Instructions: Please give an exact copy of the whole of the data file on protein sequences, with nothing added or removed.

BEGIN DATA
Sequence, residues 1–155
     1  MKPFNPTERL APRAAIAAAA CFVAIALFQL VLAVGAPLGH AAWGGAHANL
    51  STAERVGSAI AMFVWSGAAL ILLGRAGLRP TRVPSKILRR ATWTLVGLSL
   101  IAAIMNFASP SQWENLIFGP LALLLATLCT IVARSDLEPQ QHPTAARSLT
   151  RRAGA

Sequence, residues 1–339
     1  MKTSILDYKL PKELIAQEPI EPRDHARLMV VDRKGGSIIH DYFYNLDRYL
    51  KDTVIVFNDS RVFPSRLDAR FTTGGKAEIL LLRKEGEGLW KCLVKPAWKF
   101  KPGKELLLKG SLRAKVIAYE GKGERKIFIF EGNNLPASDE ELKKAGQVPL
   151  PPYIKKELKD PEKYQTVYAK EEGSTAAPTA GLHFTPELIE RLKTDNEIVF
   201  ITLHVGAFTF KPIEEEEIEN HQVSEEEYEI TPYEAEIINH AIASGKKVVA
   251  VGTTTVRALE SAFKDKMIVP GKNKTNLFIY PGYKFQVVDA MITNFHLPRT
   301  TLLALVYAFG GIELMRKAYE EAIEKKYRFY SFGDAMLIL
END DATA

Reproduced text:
Sequence, residues 1–155
     1  MKPFNPTERL APRAAIAAAA CFVAIALFQL VLAVGAPLGH AAWGGAHANL
    51  STAERVGSAI AMFVWSGAAL ILLGRAGLRP TRVPSKILRR ATWTLVGLSL
   101  IAAIMNFASP SQWENLIFGP LALLLATLCT IVARSDLEPQ QHPTAARSLT
   151  RRAGA

Sequence, residues 1–339
     1  MKTSILDYKL PKELIAQEPI EPRDHARLMV VDRKGGSIIH DYFYNLDRYL
    51  KDTVIVFNDS RVFPSRLDAR FTTGGKAEIL LLRKEGEGLW KCLVKPAWKF
   101  KPGKELLLKG SLRAKVIAYE GKGERKIFIF EGNNLPASDE ELKKAGQVPL
   151  PPYIKKELKD PEKYQTVYAK EEGSTAAPTA GLHFTPELIE RLKTDNEIVF
   201  ITLHVGAFTF KPIEEEEIEN HQVSEEEYEI TPYEAEIINH AIASGKKVVA
   251  VGTTTVRALE SAFKDKMIVP GKNKTNLFIY PGYKFQVVDA MITNFHLPRT
   301  TLLALVYAFG GIELMRKAYE EAIEKKYRFY SFGDAMLIL